Finally, All Access ties together all its various components with a new Web-based dashboard for remotely managing your security. It includes a solid set of premium options, for a premium price. McAfee Total Protection, which doesn't have the Mac and Android options, nor does it have the dashboard, does offer SiteAdvisor Live. It's a bit cheaper than All Access, and makes for a better choice unless you live in a cross-platform world.
While the McAfee features were generally a pleasure to use, the suite had a painful impact on our system. Independent testers weren't too impressed with it, either.
AV-Test.org gave McAfee Internet Security 2013 a passing rating in its most recent test, on a Windows 7 computer from December 2012. It squeaked by with a total score of 12 out of 18. A year before, it also struggled to pass, hitting 12.5. The bare minimum to pass is 11. McAfee 2013 reached 4.5 out of 6 in Protection, 4.5 out of 6 in Repair, and a 3 out of 6 in Usability, for a total of 12. Usability includes testing for false positives. AV-Test's scores for McAfee didn't vary during 2012, always in the passing-but-weak 11.5-to-12.5 range.
AV-Comparatives.org also found McAfee lacking over the past year. The suite blocked about 95 percent of threats tested during a given month for most of 2012. The testing organization gave McAfee its Standard certification in the first half of 2012. The second half saw it not achieve even that, only garnering a "tested" notification. These are poor scores, to be sure, and indicate that running McAfee is not your safest option.
|Security program||Boot time||Shutdown time||Scan time||MS Office performance||iTunes decoding||Media multitasking||Cinebench|
|Average of all tested systems (to date)||59.4||13.7||11||1,051||414||125||345||17,157|
|McAfee Anti-Virus Plus 2013||66.8||12.6||15.6||1,019||404||125||346||17,225|
|McAfee Internet Security 2013||55.6||17||5.8||997||403||125||344||17,018|
|McAfee Total Protection 2013||57.2||14.3||9.8||1,122||410||124||344||17,236|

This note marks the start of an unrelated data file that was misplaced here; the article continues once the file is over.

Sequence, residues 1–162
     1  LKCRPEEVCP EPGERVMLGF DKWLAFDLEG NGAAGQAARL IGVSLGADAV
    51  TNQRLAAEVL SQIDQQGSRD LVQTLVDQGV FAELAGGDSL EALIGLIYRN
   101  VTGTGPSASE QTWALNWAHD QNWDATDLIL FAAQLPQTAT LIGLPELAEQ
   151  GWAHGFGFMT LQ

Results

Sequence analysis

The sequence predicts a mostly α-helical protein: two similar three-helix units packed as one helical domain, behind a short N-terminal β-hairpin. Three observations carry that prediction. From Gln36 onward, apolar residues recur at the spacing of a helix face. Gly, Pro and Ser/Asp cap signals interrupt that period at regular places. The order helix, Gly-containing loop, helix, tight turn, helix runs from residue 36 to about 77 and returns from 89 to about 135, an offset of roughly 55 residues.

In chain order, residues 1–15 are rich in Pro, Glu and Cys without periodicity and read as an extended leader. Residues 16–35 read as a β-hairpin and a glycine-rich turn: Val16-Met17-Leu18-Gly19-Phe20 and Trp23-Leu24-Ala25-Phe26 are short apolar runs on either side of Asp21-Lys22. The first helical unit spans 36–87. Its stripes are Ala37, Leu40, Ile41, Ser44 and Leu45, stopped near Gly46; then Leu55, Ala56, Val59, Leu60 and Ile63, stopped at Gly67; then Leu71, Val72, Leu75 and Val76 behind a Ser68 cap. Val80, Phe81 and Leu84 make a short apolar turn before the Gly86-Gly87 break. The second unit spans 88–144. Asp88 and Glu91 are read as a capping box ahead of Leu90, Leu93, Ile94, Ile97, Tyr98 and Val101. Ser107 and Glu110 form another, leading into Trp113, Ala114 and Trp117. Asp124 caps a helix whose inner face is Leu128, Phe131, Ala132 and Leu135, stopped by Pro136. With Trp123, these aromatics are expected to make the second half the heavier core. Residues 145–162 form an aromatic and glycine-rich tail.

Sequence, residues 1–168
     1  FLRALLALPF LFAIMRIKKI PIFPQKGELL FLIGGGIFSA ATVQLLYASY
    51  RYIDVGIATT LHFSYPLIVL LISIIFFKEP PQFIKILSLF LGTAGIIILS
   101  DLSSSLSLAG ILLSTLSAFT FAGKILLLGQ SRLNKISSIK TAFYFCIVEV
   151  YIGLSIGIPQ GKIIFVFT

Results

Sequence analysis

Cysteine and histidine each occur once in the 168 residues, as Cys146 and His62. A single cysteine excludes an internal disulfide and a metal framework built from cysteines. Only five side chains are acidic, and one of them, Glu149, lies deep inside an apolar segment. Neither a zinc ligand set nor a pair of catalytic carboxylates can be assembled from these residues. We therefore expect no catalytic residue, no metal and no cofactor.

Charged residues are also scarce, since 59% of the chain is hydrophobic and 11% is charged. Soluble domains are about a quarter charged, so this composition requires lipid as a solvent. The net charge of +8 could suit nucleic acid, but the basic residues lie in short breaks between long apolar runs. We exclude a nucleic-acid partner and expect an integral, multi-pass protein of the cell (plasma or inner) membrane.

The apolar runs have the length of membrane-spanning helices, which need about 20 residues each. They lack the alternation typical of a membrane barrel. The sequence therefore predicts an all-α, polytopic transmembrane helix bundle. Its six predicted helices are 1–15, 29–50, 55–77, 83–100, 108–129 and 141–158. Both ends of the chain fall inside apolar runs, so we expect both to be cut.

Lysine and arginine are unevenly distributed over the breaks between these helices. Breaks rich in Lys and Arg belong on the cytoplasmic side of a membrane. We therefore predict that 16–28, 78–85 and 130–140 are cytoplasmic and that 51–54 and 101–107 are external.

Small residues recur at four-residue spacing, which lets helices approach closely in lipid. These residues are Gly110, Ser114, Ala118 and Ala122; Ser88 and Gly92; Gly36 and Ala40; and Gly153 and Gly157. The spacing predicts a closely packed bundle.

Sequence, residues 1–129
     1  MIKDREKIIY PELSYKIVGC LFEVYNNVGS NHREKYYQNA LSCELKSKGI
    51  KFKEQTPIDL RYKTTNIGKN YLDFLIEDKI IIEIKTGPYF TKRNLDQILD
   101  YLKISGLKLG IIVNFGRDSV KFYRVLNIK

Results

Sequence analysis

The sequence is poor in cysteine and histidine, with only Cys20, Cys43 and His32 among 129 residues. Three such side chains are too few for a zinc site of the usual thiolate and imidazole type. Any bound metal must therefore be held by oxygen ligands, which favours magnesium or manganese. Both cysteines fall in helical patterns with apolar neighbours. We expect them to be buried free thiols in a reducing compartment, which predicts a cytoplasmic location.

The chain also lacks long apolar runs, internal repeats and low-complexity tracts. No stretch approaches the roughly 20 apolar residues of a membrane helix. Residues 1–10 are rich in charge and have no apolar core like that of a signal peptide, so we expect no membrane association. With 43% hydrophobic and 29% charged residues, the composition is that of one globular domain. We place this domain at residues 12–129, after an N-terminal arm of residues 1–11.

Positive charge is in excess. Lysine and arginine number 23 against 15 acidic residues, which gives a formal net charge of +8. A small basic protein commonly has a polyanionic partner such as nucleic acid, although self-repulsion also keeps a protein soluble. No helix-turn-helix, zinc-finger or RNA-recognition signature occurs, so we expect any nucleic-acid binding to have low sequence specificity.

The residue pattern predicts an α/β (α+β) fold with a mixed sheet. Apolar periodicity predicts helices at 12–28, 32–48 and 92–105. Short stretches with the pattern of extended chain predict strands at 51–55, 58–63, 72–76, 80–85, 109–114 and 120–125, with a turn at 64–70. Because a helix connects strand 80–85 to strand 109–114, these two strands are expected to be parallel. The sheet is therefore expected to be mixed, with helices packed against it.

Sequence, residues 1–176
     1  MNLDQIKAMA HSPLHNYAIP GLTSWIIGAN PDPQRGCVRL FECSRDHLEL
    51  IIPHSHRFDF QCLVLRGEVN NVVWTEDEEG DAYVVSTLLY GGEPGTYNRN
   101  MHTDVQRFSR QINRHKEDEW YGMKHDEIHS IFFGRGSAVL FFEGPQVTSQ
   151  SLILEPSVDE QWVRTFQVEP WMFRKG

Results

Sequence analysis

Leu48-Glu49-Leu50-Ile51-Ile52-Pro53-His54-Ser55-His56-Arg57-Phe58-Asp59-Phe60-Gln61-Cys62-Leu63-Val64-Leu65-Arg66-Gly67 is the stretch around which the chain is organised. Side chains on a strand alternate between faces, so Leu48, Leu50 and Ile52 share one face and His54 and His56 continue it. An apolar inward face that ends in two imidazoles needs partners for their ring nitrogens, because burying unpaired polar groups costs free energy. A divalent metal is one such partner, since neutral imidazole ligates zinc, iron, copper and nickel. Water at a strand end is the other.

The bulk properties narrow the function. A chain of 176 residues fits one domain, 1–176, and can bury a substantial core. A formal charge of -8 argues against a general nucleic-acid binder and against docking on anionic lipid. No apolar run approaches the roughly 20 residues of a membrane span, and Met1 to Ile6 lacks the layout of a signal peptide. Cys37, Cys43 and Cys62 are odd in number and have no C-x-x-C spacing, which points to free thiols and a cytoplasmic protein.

|McAfee All Access 2013||55.5||15.1||8.1||1,152||412||124||344||16,980|
Note: All tests measured in seconds, except for Cinebench. On the Cinebench test, higher numbers are better.
CNET Labs' benchmarks (above) show that McAfee's scan times are too slow, but they don't reflect our less-than-pleasant experience hands-on testing of the app.
McAfee posted better-than-average impacts on startup, except for AntiVirus Plus. However, its shutdown impact was worse than average, and its scan times left much room to improve. The suites did well on our Cinebench test, showing that it should handle multitasking smoothly, but that wasn't our hands-on experience.
In fact, while running a full scan, McAfee rendered our computer virtually unusable for any other task--even basic browsing.
McAfee completed its scans in a timely yet not blazingly fast manner. A Quick Scan averaged about 6 minutes, much slower than other paid-suite competitors. The Full Scan averaged 76 minutes.
Judging from these results, McAfee must spend time on improving the suite's performance. Security is virtually worthless if it gets in the way of your ability to use your computer, and McAfee's security itself leaves much to be desired.
McAfee has made good products in the past, and it may well do so again. However, the combined performance marks are a horror show. Sadly, it's not the first time we've docked McAfee hard for its performance. We'd like to not do it again, but after several years of poor performance, we have to see some major improvements before we can recommend the suite again.
Give McAfee All Access 2013 and its siblings a miss.